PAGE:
Hi, Congrats on finishing chemo & radiation that’s awesome!! I wish you the best of luck!! I was actually wanting to know about dosage for cancer as well..My parents both have recently been diagnosed with cancer 4 months apart and are currently going thru chemo together. I have tried looking for the dosage info but can never find what i’m looking for..I want to try to help lesson the chemo side effects and hopefully kill some of the cancer cells. Can someone please help us?Thank You Christy
For starters, research on cannabis and sleep is in its infancy and has yielded mixed results. But there is more to it than that. The root cause of many sleep disorders is actual another disease like anxiety, stress, PTSD, or chronic pain – and CBD helps manage all of these conditions. So, while CBD may not be inherently sedative, it combats the underlying condition that is the root cause of many sleep disorders.
THC (Tetrahydrocannabinol) Cannabis oil and Cannabidiol (also called CBD) have similarities but some important differences for users. Both cannabinoids, chemical compounds that can be found in all cannabis plants, including hemp and marijuana. Cannabinoids are the substances secreted by the flowers of the cannabis plant and contain natural medicinal properties, offering relief from conditions including anxiety, pain, nausea, and inflammation. There are plant-based cannabinoids and also phytocannabinoids, both with a variety of health benefits.
Likewise, selective serotonin reuptake inhibitors (SSRIs) and selective serotonin and norepinephrine reuptake inhibitors (SNRIs) may interfere with sleep architecture and decrease restorative sleep, leading to increased awakenings, reduced REM sleep, increased REM latency, as well as increased periodic limb movement during sleep (Feige et al., 2002). In addition, SSRIs and SNRIs have been associated with REM sleep without atonia, characterized by increased tonic or phasic motor activity in electromyographic channels during REM sleep (Schenck et al., 1992; American Academy of Sleep Medicine, 2014; Lee et al., 2016).
It also is distinct from THC which acts as a CB1/CB2 partial agonist, thereby stimulating the receptor sites.  If it acted the same as THC at the CB1/CB2 receptor sites, its therapeutic potential may be reduced.  Moreover, since cannabidiol acts as an inverse agonist at the CB1/CB2 receptor sites, it doesn’t induce psychological euphoria and/or pleasure associated with downstream dopaminergic enhancement in the mesolimbic pathway (resulting from CB1/CB2 agonism).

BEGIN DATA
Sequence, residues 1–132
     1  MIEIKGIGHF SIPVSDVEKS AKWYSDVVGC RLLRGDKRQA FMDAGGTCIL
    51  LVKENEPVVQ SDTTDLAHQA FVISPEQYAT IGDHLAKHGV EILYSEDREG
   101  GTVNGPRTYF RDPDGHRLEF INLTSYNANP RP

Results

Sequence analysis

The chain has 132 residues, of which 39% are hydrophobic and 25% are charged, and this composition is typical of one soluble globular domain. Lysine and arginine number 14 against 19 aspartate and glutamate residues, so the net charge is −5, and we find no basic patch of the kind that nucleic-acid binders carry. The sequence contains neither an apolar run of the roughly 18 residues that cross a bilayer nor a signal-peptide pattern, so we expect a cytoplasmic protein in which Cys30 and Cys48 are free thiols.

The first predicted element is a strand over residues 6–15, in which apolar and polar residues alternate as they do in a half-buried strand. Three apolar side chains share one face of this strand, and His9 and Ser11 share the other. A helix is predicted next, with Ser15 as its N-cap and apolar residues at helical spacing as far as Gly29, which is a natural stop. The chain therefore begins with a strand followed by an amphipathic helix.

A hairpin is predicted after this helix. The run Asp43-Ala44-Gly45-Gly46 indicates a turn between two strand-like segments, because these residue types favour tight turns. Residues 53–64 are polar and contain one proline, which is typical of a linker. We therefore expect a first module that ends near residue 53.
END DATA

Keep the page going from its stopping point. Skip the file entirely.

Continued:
The nervous system’s endocannabinoid system is not well understood. But it’s thought to play a role in regulating pain, sleep, mood, memory, appetite, and other cognitive and physical processes. Because CBD is able to mimic the actions of some natural brain chemicals, its potential therapeutic benefits are wide-ranging but—at this point—nebulous. “We know that cannabidiol modulates the endocannabinoid system, but we don’t know how it works,” Szaflarski says. That said, there are theories.
As noted, CBD has been found to have a bell-shaped response curve, with higher doses being ineffective. This may reflect activation of TRPV1 receptors at higher dose, as blockade of TRPV1 receptors in the DPAG rendered a previously ineffective high dose of CBD as anxiolytic in the EPM [66]. Given TRPV1 receptors have anxiogenic effects, this may indicate that at higher doses, CBD’s interaction with TRPV1 receptors to some extent impedes anxiolytic actions, although was notably not sufficient to produce anxiogenic effects.

Dosage: It is relatively difficult to determine the optimal dosage of CBD for anxiety. CBD is thought to have an extremely low bioavailability when administered orally as a standalone agent.  The standard dosage used in research is around 600 mg for anxiolytic effects, but this is in an oral format which has a bioavailability of around 6%.  Perhaps even higher dosages and/or cofactors are necessary to improve oral absorption. (Source: www.mdpi.com/1424-8247/5/5/529/pdf).

Reflecting the next morning, I was most surprised by the fact that I never felt "high" in any way—there was never a moment of It's kicking in; I can feel it now like with pain medications or even anti-anxiety drugs. Considering it takes time, consistency, and the right dosage to experience the full effect, I continued taking the oil once a day for the next six days. Here's what went down.